Sex education informs young people of what they need to know about sex and their risk factors. Sex education being taught in schools not only talks about sex, but makes students aware of sexual reproduction, health, and sexuality. Are teenagers being exposed to sex education to early? At what age should this subject be introduced to children? It is believed that school children engaging in sexual activity is increasing, however statistics and the media state otherwise. “A significant decrease among students, where the proportion who are sexually active declined from 59 percent in 1991 to 41 percent in 2011 (Child Trends).” The purpose of this essay is to not only state the pros and cons but to inform both parents and students of why sex education needs to be taught in schools.
Over the years the topic has gone through various changes in the public school system. The first generation taught sexual anatomy and the risk of pregnancy, but soon was criticized for not showing knowledge of reducing risky sexual behavior, which soon lead to the second generation (Rodriguez, 1). The second generation approached sexual communication, values, and making personal decisions in one’s life; although students made smarter decisions in the areas taught, it failed to introduce teens to all contraceptives, therefore risky behavior was still being shown. Following the failure of the second generation the program of “abstinence only” began. The problem with this was it not only made students aware of the contraception available to the children, therefore encouraging risky behavior. The most current generation, the practice being taught in schools today, is known as “comprehensive sexuality education”; it not only encourages young adults to stay abstinent, but also makes them aware of refusal skill, communication strategies, and other related areas (Rodriguez).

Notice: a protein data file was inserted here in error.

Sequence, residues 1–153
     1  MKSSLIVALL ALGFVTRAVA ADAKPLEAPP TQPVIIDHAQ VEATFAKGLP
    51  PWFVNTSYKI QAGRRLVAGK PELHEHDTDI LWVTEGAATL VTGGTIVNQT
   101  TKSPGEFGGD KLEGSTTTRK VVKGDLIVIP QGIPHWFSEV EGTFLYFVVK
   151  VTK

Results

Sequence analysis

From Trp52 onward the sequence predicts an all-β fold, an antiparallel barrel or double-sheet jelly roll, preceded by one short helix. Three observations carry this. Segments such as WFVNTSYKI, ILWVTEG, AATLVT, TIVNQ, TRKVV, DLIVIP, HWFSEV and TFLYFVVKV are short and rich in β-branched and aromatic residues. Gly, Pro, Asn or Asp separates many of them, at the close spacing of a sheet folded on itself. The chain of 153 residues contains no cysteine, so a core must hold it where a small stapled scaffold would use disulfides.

Sex education is taught as early as elementary school and in four different stages: young children, intermediate children, older children, and teens. Sex education is being taught as early as elementary school but the school system makes sure what is being taught is age appropriate and in four different stages. Young children ages five to seven are self-centered and do not put others into perspective; sexually children of this age only know the gender difference and modest public exposure of the body. Children around this age usually like to explore their bodies; therefore parents at home play a significant role. Age eight to ten, known as intermediate children, are able to differentiate themselves from others internally and externally. More complex information is being given to the kids because they are now more informative of reproductive mechanisms. The goal of sexuality education at this stage is to make students aware of HIV/AIDS in the Unites States as well as abroad and the idea of hormones. Pre-teens or older children ages eleven and twelve, can easily see how one factor (lack of...